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Obituary for Arnold A. Gerall (1927-2013)
December 11, 2013

Arnold A. Gerall, co-author of the seminal Phoenix, Goy, Gerall, and Young (1959) paper on the sexual differentiation of behavior, died peacefully on December 11, 2013, at the age of 86.


Arnold A. Gerall, a true Mensch †, died peacefully on December 11 at the age of 86.
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Born and raised in New Haven, CT, Gerall spent a year or two in the navy toward the end of World War II, then sped through higher education. In successive years he earned his BS (Univ. of Michigan, 1949), MA (Univ. of Connecticut, 1950), and PhD (Univ. of Iowa, 1951). After five years each at the University of Rochester and University of Kansas Medical School, Gerall joined the Department of Psychology at Tulane University in 1961, where he stayed after retiring in 1997. Gerall and his wife, Helene, lived in and loved the city of New Orleans, and they had planned to spend the rest of their lives there. Those plans and much of their house were wrecked by Hurricane Katrina in 2005, and the Geralls moved to North Carolina, where they had family living nearby.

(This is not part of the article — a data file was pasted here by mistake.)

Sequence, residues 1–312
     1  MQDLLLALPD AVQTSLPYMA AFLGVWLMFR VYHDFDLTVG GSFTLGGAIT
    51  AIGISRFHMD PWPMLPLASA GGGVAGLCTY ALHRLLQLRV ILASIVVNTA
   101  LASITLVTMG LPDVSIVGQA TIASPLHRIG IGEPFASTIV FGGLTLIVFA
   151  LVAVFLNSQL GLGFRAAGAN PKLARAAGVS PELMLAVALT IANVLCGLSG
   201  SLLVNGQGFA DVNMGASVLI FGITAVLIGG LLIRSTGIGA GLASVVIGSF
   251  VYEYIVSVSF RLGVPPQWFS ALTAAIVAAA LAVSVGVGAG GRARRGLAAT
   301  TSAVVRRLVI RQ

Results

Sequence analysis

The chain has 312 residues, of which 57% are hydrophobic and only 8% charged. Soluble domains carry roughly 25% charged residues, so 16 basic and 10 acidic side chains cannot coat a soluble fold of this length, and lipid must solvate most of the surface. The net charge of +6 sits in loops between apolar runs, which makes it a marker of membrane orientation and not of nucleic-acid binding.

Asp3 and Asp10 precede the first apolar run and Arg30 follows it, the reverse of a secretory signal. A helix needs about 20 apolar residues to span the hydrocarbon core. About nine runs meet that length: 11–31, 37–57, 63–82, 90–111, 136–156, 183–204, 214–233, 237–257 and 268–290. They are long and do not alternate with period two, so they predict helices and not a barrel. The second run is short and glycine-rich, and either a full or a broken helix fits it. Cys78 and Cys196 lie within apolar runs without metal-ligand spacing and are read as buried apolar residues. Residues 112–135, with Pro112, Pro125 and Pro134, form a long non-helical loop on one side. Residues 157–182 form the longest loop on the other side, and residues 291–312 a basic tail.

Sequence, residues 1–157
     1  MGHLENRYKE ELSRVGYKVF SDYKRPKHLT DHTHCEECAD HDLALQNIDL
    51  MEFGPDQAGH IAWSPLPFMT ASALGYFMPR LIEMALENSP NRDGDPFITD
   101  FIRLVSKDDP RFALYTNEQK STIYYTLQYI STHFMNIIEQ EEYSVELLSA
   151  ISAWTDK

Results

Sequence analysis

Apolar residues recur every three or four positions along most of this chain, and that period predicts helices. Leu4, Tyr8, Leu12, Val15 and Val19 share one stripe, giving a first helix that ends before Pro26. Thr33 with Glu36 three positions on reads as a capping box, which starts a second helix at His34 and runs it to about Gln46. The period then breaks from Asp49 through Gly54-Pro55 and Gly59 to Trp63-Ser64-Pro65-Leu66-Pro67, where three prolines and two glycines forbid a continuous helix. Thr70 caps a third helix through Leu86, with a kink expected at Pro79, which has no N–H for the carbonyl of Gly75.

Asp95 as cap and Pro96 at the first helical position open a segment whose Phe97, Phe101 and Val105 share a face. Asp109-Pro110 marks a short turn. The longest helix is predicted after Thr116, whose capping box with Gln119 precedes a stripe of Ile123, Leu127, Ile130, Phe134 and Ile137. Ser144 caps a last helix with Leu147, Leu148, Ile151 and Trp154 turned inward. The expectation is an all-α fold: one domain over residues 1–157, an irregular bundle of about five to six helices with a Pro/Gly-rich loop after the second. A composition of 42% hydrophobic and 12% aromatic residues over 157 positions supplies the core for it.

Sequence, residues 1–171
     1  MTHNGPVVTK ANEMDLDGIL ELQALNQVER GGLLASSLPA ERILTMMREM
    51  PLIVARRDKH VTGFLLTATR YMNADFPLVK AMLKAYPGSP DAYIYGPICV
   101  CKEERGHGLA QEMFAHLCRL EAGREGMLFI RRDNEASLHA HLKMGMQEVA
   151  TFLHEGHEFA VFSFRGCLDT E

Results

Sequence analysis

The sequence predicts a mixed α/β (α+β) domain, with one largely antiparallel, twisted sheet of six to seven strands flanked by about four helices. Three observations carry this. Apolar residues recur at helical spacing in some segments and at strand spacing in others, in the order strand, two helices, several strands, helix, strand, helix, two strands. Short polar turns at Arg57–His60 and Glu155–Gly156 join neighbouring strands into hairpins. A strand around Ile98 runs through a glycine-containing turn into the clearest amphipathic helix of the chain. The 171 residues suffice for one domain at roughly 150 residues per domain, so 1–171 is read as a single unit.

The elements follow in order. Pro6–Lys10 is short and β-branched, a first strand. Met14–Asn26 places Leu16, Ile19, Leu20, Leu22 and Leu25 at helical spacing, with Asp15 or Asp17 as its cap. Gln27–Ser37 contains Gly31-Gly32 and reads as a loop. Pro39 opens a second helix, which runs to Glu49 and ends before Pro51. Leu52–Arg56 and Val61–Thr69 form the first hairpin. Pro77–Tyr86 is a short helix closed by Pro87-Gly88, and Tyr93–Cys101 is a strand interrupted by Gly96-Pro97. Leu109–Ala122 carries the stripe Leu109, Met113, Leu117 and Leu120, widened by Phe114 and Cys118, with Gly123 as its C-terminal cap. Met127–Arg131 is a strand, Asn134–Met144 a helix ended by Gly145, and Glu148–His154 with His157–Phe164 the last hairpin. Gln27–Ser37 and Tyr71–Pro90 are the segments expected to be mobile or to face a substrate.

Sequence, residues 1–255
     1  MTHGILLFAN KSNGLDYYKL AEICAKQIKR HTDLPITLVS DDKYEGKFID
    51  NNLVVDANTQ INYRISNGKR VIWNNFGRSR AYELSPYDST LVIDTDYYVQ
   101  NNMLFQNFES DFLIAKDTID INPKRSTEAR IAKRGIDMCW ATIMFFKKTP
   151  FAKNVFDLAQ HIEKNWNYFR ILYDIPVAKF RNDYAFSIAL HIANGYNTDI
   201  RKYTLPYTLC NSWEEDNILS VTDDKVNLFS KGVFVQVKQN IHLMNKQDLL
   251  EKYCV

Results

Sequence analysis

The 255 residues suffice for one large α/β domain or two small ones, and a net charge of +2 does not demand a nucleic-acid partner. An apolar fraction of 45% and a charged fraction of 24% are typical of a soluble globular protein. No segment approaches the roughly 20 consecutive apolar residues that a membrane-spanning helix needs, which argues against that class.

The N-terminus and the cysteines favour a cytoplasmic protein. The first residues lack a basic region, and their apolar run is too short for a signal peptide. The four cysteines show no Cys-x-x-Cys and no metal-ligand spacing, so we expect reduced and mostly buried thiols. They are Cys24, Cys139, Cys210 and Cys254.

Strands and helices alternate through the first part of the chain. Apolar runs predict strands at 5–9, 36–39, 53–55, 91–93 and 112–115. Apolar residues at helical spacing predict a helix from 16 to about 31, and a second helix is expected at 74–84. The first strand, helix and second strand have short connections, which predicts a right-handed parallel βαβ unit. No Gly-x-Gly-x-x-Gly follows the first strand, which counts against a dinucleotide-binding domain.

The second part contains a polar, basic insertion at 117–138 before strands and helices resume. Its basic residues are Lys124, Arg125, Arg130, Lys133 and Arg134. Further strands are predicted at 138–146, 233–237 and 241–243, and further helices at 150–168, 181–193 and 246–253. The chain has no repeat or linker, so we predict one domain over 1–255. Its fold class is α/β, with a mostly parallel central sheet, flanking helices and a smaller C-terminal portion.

Many of us first learned Gerall’s name as a coauthor of Phoenix, Goy, Gerall, and Young (1959), widely viewed as the seminal paper about the sexual differentiation of behavior. W.C. Young was the director of the laboratory; the others were graduate students or postdoctoral fellows. Out of respect for all the authors and the landmark status of the paper, it was usually referred to in seminars and conversation by the names of all the authors. Few referred to it as “Phoenix et al.” except in publications whose style demanded it. However, it was Gerall who inferred the paper’s major conclusion and persuaded the group to include it: Hormones acting directly on the brain during gestation play the major role in the sexual differentiation of behavior. This “centralist” view was at odds with the then-prevailing view that hormones act only to differentiate the genitalia and related organs, and that consequent feedback to the brain from these organs was responsible for behavioral sex differences. Gerall bore the brunt of a sardonic attack on the centralist view (Beach, 1971), but within a few years his interpretation was vindicated.

Gerall’s influential research included the first demonstration that the ovaries of rats are active prenatally, demonstration of the pivotal role of experience in the development of male sexual behavior, and exploration of the neuroanatomy of the GnRH system. His lab also published important papers on photoperiod, estrous cycles, and circadian rhythms. After he retired, he continued to learn new techniques (e.g., immunohistochemistry) in order to apply them to new questions (e.g., the functions of hypothalamic releasing hormones).